Peloton Interactive, Inc. (PTON) provides a connected, technology-enabled interactive fitness platform. The company offers services like instructor-led boutique classes for its customers. Also, its product portfolio includes Peloton Bike, Peloton Bike+, Tread and Tread+, bike mat, heart rate monitor, and dumbbells.
PTON was among the biggest winners during the COVID-19 pandemic, as its home exercise equipment and subscription-based fitness classes were in huge demand. The company’s total subscribers grew from 700,000 to nearly 3 million during that period.
PTON lost its edge as the world returned to pre-pandemic lifestyles over the past year. The company has been hit hard by weakening demand and softening sales as people returned to gyms and physical fitness sessions.
Its average monthly workouts per Connected Fitness subscription have plummeted 43% from its peak of 26 to 14.8 during the previous quarter. Its total platform workouts have declined 20% sequentially and 4% year-over-year to 148.20 million.
PTON’s new CEO, Barry McCarthy, appointed earlier this year, had taken up the task of turning the company around through corporate restructuring. In a desperate bid to stay afloat, the company has taken up cost-cutting measures like reducing its workforce. The company has undertaken four rounds of job cuts this year.
In addition, to lower costs further, the company is outsourcing all manufacturing and reducing costly unsold inventory. BMO Capital Markets analyst Simeon Siegel said, “We fear growth is in the rearview and attempts to keep expanding will prove profit eroding.” The analyst also noted that subscriber loyalty remains high but has begun to flag.
In its efforts to grow sales, the company has partnered with Amazon to sell its products on the platform. Similarly, its products are available at Dick’s Sporting Goods (DKS) outlets.
So far, these measures have yielded little results as its EPS and revenue failed to beat consensus estimates in the last quarter. The company’s loss per share came in 70.7% higher than the consensus estimates of $0.77. Also, its revenue missed analyst estimates by 0.6%.
For the fiscal 2023 first quarter ending September 30, 2022, PTON expects its total revenue to come in the range of $625 to $650 million, indicating a year-over-year decline.
PTON’s stock has declined 78.1% in price year-to-date and 91% over the past year to close the last trading session at $7.83. It is trading 92.1% below its 52-week high of $99.36, which it hit on October 26, 2021.
Here’s what could influence PTON’s performance in the upcoming months:
PTON’s revenue declined 27.5% year-over-year to $678.70 million for the fourth quarter ended June 30, 2022. The company’s cost of revenue increased 3.8% year-over-year to $708.50 million. Its total operating expenses increased 110.7% year-over-year to $1.17 billion.
Also, its net loss widened 297.3% year-over-year to $1.24 billion. In addition, its loss per share widened 250.5% year-over-year to $3.68.
Unfavorable Analyst Estimates
Analysts expect PTON’s EPS to remain negative in fiscal 2022 and fiscal 2023. Its revenue for fiscal 2022 is expected to decline 14.8% year-over-year to $3.05 billion. Its EPS is expected to decline 76.5% per annum over the next five years.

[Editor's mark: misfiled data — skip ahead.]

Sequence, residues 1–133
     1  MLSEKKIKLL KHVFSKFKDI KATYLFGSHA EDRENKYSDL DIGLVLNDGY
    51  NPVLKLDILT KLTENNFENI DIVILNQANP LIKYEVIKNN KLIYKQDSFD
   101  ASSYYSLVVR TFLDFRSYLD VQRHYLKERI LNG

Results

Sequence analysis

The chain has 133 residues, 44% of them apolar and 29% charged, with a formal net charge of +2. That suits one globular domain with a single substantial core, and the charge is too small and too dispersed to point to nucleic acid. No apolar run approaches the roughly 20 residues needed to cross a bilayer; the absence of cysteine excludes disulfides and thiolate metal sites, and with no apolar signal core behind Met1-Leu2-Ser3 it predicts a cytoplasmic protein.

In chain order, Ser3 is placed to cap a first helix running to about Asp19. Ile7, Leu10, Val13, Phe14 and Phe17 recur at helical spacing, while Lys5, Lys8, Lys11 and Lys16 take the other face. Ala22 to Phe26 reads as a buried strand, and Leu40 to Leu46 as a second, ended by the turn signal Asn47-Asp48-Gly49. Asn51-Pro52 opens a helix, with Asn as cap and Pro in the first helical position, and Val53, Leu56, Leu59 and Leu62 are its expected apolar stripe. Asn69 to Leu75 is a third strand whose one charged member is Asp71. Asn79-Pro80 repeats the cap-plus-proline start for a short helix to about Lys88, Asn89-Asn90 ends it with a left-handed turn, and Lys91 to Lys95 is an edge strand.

In terms of forward EV/S, PTON’s 1.23x is 16.5% higher than the 1.05x industry average. Likewise, its 8.39x forward P/B is 249.2% higher than the 2.40x industry average. And the stock’s 0.87x forward P/S is 5.4% higher than the 0.82x industry average.
PTON’s trailing-12-month net income margin is negative compared to the 5.62% industry average. Likewise, its trailing-12-month EBIT margin is negative compared to the 8.14% industry average. Furthermore, the stock’s 0.84% trailing-12-month asset turnover ratio is 18.6% lower than the industry average of 1.03%.
POWR Ratings Reflect Bleak Prospects
PTON has an overall F rating, equating to a Strong Sell in our POWR Ratings system. The POWR Ratings are calculated by considering 118 distinct factors, with each factor weighted to an optimal degree.
Our proprietary rating system also evaluates each stock based on eight distinct categories. PTON has an F grade for Quality, in sync with its low profitability.
It has a D grade for Stability, consistent with its 1.50 beta. Furthermore, the unfavorable analyst estimates justify the F grade for Sentiment. It has a D grade for Value, in sync with its stretched valuation.
PTON is trading below its 50-day and 200-day moving averages of $9.88 and $17.62, indicating a downtrend. PTON is witnessing softening sales with falling consumer demand. The current uncertain macroeconomic environment is expected to exacerbate its problems further.
Given its poor financials, unfavorable analyst estimates, stretched valuation, and low profitability, it could be wise to avoid the stock now.
How Does Peloton Interactive, Inc. (PTON) Stack Up Against Its Peers?
PTON has an overall POWR Rating of F, equating to a Strong Sell rating. Therefore, one might want to consider investing in other Consumer Goods stocks with an A (Strong Buy) or B (Buy) rating, such as Ennis, Inc. (EBF), Mannatech, Incorporated (MTEX), and Société BIC SA (BICEY).
PTON shares were trading at $7.51 per share on Wednesday morning, down $0.32 (-4.09%). Year-to-date, PTON has declined -79.00%, versus a -21.15% rise in the benchmark S&P 500 index during the same period.
About the Author: Dipanjan Banchur
Since he was in grade school, Dipanjan was interested in the stock market. This led to him obtaining a master’s degree in Finance and Accounting. Currently, as an investment analyst and financial journalist, Dipanjan has a strong interest in reading and analyzing emerging trends in financial markets. More…